In April, I made a long-sleeved lined jacket with ruffles out of emerald green duppioni silk. I don’t think I have a photo yet of the final finished product, but I will get one. The armscyes ended up being too tight because the 2-piece sleeve that worked in cotton didn’t work in silk. This silk has less give.
Here is the pattern layout:
No, the tins aren’t actually filled with candy. I have these weird lead weights I stuck in them because I only recently found they’re lead and didn’t want to touch them anymore.
Notice I’ve been weighting the pattern pieces and NOT pinning them down. When you weight them and trace around them with chalk, pen, china marker, etc., you cut the pieces more accurately. Don’t take my word for it. Try this way and the pinning way and see for yourself or read it on http://www.fashion-incubator.com.
Here is a photo of a measuring gauge you can get at the fabric store. It comes in handy to measure hems and other things.
Note that the iron is your friend. If you don’t have an iron and an ironing board, buy or borrow them. They’re cheap and you might be able to find them used. W/o pressing, you can’t get a nice professional look on anything. Do you want to look sloppy and amateurish or do you want to look as good as or better than the stuff in magazines or stores?
Here are the sewing steps, starting with fusing the interfacing. I use the kind that’s the tricot knit. It has a grain so can take more of it, but I’ve never had a problem with it. I seem to have one problem or another with the nonwoven fiber type.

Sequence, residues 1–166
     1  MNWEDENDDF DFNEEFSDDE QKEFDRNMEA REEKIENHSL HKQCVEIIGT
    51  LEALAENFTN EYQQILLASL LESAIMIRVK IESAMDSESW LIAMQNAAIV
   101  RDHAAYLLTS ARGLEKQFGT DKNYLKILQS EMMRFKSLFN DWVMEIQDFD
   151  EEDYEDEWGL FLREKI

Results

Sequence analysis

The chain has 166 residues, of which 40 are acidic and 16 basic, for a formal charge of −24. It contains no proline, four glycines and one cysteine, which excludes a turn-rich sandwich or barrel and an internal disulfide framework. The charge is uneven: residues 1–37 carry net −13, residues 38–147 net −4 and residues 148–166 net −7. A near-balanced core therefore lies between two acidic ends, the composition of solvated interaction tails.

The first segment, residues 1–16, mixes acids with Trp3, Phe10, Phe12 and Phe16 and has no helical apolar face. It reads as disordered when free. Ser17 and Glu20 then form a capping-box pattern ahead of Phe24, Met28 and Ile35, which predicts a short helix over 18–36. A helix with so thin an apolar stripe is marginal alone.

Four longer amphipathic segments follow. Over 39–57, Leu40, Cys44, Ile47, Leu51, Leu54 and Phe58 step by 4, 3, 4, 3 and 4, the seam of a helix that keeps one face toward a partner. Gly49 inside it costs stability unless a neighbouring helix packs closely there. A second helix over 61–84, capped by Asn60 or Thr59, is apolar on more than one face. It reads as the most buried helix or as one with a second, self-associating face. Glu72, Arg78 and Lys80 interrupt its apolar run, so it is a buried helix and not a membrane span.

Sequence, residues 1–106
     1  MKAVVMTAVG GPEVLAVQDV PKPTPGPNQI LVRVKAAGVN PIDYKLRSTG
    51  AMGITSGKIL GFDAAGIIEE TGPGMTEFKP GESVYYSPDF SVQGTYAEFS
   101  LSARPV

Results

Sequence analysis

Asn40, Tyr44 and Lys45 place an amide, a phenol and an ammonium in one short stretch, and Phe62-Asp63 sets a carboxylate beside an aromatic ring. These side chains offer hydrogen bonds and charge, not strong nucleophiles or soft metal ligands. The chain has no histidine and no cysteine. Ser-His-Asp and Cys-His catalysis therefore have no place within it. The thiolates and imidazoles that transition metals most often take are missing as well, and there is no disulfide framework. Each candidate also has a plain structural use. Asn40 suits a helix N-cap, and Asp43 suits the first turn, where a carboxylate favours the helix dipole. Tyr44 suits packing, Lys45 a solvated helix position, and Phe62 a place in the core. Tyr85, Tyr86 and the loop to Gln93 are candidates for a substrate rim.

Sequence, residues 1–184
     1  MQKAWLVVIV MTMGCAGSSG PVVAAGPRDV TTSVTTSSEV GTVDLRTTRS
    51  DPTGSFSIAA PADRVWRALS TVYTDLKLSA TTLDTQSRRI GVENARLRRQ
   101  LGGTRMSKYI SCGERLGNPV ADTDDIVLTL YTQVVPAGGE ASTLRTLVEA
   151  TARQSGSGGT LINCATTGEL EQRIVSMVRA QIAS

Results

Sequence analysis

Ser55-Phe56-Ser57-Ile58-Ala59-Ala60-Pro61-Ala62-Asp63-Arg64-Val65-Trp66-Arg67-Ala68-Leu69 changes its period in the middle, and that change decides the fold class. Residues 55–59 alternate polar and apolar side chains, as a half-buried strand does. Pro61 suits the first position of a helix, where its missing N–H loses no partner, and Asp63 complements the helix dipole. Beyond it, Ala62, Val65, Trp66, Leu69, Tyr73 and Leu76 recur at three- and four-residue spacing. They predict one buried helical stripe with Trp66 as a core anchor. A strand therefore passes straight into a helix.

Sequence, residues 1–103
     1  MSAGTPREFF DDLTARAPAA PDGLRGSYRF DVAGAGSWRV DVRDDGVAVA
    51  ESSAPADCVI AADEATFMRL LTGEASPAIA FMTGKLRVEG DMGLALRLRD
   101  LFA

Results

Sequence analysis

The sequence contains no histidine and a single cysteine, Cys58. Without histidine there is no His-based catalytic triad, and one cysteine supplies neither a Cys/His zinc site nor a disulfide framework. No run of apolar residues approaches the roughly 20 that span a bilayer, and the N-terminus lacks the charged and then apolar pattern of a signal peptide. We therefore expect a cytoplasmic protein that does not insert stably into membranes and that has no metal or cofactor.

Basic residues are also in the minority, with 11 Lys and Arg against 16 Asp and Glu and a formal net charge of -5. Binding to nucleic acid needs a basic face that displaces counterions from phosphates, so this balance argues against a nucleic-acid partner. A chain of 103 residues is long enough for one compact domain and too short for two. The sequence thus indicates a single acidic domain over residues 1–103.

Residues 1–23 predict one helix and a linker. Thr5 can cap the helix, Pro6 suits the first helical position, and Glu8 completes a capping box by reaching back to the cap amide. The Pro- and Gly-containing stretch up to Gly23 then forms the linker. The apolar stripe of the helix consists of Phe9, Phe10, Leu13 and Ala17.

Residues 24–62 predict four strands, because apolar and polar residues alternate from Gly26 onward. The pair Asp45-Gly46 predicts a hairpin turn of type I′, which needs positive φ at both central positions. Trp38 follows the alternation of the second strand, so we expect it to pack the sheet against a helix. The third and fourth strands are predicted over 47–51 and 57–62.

When you fuse the interfacing to the fabric, make sure the interfacing is glue side down. Put a pressing cloth over it (mine is a piece of silk organza) and spray with water (just over the pieces, not the whole cloth). Set the iron over it for a few seconds, lift, and move to the spot next to it. Don’t slide the iron.
Press every seam and the facings, both wrong sides and right sides.
For the facings, stitch them right sides together to the places they go (neckline, whatever), press. Clip all the curves and corners, to but not through the stitching. Understitch: pull the facing and the seam allowances out away from the rest of the garment and stitch the seam allowance to the facing. Fold the facing back inside and press. You will see that there is about 1/16 to 1/8 inch of the shell pulling in around the facing. This is good and what you want.
For the lining…since I didn’t line the sleeves, it was easier to put in. Leave the middle part of the side seam of the lining open. Then sew the edge of the lining to the bottom edges of the facings. Pull through the side seam and press flat, with the seam going toward the lining. Then topstitch the side seam closed.
To add the ruffles, I first zigzagged over some string along one of the hems of each ruffle. Then I pinned the ruffles to the sleeve hems and to the neckline/cf/hem of the jacket bodice. I pulled on the string to gather each ruffle, adjusted them, and pinned them in place. With a straight stitch, I stitched them to the hems. Some people gather things by running 2 lines of basting stitches along the spot they want to gather then pulling those threads. This only works for short pieces and fabrics that aren’t heavy. One machine I had wouldn’t work well enough to let me do it. But for longer lengths, zigzag over some string or crochet cotton.
Sorry to take so long to add this photo of the completed jacket!
That’s it for now. Please let me know if any steps are unclear or if you have any other questions.